Mexico City, Sep 21 (EFE).- Braille could soon be challenged by an alternative reading system that uses a new device based on artificial intelligence to allow blind people to read anything at their disposal, Jorge Grajales, a Mexican writer who is visually impaired, told EFE.
Grajales, along with illustrator Bernardo Fernandez, is the author of “Sensus,” the first Mexican comic book written in Braille.
Grajales has been using the new device for six months, which could have an enormous appeal in Mexico, with 1.2 million potential users, though he thinks that it is unlikely to completely replace Braille.
“Braille is important because it allows the visually impaired to express themselves in writing. However, the fact that this artificial intelligence is now available and can be used to read any text will place Braille in a secondary position,” he said.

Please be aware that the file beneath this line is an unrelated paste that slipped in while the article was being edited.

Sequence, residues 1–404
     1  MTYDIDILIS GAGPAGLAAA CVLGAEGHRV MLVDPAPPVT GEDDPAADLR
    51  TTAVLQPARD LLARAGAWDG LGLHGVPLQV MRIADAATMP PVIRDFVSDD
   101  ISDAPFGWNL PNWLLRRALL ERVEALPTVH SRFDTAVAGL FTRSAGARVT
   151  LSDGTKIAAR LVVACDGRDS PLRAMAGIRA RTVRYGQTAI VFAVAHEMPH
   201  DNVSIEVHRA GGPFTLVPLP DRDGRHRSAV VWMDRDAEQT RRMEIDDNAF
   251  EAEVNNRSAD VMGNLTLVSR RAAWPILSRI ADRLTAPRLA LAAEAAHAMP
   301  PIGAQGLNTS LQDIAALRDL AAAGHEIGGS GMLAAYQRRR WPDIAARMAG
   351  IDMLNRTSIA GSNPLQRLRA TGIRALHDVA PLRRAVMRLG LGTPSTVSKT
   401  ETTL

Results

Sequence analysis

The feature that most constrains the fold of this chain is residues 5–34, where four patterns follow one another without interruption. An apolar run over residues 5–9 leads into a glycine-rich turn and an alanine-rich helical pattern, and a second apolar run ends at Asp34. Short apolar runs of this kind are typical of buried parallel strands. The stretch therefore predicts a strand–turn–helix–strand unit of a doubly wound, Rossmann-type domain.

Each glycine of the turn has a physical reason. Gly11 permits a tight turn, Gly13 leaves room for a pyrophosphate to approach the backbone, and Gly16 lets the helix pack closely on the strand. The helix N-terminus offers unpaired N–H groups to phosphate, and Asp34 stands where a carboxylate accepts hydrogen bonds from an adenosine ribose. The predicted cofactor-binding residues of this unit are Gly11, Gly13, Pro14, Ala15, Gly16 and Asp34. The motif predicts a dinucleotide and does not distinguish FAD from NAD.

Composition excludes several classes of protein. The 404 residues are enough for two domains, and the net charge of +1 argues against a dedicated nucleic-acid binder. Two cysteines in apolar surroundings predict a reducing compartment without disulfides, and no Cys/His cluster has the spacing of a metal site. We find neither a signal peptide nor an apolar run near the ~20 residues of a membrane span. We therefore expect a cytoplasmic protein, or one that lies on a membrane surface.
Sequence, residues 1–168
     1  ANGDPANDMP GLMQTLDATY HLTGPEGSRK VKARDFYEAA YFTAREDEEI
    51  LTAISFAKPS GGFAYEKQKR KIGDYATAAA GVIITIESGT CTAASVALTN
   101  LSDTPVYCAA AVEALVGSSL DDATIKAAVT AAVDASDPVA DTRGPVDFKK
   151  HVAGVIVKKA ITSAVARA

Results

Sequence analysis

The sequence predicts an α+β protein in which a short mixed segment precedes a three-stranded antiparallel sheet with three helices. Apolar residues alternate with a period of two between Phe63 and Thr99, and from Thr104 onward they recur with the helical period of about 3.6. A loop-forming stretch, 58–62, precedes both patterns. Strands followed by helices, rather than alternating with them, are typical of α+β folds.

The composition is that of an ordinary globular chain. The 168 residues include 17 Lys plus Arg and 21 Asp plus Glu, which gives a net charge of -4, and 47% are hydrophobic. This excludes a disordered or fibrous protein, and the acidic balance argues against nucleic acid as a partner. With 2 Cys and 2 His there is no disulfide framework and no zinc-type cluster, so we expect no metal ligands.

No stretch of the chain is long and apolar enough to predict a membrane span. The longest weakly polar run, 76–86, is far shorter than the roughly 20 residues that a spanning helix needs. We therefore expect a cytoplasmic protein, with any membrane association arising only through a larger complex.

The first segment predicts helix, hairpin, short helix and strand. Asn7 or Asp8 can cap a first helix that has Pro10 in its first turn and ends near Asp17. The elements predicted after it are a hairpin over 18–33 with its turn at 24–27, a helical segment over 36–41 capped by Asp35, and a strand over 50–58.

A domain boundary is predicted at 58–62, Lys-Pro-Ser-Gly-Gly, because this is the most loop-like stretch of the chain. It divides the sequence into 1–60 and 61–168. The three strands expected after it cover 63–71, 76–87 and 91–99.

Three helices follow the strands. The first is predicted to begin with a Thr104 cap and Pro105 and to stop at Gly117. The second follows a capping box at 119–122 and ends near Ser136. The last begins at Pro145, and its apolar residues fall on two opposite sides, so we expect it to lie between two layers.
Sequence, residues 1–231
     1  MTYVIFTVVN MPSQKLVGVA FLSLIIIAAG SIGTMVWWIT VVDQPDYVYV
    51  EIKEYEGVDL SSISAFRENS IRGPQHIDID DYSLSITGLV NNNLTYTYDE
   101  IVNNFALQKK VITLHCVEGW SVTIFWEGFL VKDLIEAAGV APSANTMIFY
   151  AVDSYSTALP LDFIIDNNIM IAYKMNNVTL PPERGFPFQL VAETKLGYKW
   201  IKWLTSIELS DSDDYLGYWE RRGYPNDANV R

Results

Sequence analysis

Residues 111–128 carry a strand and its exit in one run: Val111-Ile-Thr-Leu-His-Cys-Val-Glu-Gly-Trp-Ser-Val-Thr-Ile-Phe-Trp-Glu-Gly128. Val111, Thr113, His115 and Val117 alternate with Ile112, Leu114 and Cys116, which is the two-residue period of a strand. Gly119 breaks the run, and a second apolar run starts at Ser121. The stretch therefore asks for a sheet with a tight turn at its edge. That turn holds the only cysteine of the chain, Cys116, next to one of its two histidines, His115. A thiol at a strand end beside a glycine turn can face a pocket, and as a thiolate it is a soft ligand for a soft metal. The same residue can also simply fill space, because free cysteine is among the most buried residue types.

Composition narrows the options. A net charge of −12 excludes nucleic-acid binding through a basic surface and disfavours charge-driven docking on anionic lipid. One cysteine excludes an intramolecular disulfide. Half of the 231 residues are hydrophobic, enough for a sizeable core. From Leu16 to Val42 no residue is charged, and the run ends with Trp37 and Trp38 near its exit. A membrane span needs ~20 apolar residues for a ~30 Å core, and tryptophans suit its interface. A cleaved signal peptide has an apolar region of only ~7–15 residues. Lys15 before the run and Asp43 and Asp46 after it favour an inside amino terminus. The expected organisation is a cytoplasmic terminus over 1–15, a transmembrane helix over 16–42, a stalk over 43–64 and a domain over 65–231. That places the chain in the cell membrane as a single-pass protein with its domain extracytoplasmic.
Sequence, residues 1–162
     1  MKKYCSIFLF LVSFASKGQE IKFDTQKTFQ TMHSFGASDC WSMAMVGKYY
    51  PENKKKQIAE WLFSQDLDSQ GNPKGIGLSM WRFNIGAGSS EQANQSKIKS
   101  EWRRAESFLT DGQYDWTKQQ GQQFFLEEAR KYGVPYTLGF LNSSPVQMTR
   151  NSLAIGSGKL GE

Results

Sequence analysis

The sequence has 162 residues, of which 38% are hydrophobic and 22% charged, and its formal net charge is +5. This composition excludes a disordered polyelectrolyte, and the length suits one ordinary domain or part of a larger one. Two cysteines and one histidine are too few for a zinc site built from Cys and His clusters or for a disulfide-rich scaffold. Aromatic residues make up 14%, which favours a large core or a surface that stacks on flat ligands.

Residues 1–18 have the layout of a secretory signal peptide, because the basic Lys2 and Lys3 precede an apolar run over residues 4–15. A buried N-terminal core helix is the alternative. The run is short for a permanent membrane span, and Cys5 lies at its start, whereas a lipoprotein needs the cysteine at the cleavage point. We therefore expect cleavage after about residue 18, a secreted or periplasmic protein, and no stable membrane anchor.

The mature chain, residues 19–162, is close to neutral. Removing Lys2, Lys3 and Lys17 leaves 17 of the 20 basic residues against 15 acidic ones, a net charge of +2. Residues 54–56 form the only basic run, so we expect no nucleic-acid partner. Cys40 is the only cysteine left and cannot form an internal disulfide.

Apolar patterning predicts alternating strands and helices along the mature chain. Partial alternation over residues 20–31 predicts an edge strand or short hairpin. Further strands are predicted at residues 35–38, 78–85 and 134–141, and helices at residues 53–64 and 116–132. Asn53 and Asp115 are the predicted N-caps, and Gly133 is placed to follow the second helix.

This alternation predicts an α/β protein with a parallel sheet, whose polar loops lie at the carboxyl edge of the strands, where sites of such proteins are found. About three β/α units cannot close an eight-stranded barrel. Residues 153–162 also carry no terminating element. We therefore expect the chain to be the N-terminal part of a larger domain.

Grajales, who was diagnosed with keratoconus, a degenerative disorder of the cornea that causes blurry vision, is one of the first 50 Mexicans to acquire the MyEye 2.0 device.
The device is positioned on one of the arms of a pair of eyeglasses and includes a microphone for voice commands that is placed on the user’s ear.
In Mexico, several versions of MyEye can be purchased for prices ranging from $2,500 to $4,500.
Grajales said that the device has drastically improved his life, not only at work, but also in everyday situations, such as when he wishes to read the menu at a restaurant.
“During the time I have used it, I have noticed important changes. I have been able to resolve everyday problems and issues at work,” the writer said.
“The device can help people with complete vision loss, either congenital or acquired, people with partial visual impairment, and even people with dyslexia, dysplasia, or any other problem that affects reading,” Nikol Wolpert, head of OrCam Technologies for Latin America, told EFE.
MyEye includes a video camera, a lamp, a small speaker, a microphone, a battery and its own software that is updated through the internet, Wolpert said.
Users can use to device to read any type of text, including books, newspapers, digital materials, labels and money.
According to Wolpert, MyEye has been well-received on the market because of its potential uses.
“People can go back to work. For example, a lawyer who begins to suffer vision loss will be able to read again. The device can help him at work,” Wolpert said.